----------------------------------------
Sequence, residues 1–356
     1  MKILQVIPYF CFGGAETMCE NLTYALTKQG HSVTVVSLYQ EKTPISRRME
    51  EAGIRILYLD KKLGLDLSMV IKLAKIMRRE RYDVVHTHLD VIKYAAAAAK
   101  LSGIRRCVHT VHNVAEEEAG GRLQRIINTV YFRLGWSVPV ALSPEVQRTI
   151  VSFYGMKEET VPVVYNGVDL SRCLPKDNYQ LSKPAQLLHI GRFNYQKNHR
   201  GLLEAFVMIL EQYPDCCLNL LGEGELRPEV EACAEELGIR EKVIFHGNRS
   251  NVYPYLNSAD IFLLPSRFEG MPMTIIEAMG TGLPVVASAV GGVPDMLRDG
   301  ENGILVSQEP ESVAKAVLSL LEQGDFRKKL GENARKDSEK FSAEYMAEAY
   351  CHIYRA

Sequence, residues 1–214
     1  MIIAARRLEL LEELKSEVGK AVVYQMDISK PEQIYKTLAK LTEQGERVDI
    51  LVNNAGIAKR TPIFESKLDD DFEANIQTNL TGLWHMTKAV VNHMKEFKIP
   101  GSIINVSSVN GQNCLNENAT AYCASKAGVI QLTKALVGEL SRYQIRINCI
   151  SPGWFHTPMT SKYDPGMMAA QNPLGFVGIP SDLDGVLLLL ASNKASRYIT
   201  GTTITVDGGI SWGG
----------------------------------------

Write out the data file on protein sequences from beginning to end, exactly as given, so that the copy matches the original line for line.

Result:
Sequence, residues 1–356
     1  MKILQVIPYF CFGGAETMCE NLTYALTKQG HSVTVVSLYQ EKTPISRRME
    51  EAGIRILYLD KKLGLDLSMV IKLAKIMRRE RYDVVHTHLD VIKYAAAAAK
   101  LSGIRRCVHT VHNVAEEEAG GRLQRIINTV YFRLGWSVPV ALSPEVQRTI
   151  VSFYGMKEET VPVVYNGVDL SRCLPKDNYQ LSKPAQLLHI GRFNYQKNHR
   201  GLLEAFVMIL EQYPDCCLNL LGEGELRPEV EACAEELGIR EKVIFHGNRS
   251  NVYPYLNSAD IFLLPSRFEG MPMTIIEAMG TGLPVVASAV GGVPDMLRDG
   301  ENGILVSQEP ESVAKAVLSL LEQGDFRKKL GENARKDSEK FSAEYMAEAY
   351  CHIYRA

Sequence, residues 1–214
     1  MIIAARRLEL LEELKSEVGK AVVYQMDISK PEQIYKTLAK LTEQGERVDI
    51  LVNNAGIAKR TPIFESKLDD DFEANIQTNL TGLWHMTKAV VNHMKEFKIP
   101  GSIINVSSVN GQNCLNENAT AYCASKAGVI QLTKALVGEL SRYQIRINCI
   151  SPGWFHTPMT SKYDPGMMAA QNPLGFVGIP SDLDGVLLLL ASNKASRYIT
   201  GTTITVDGGI SWGG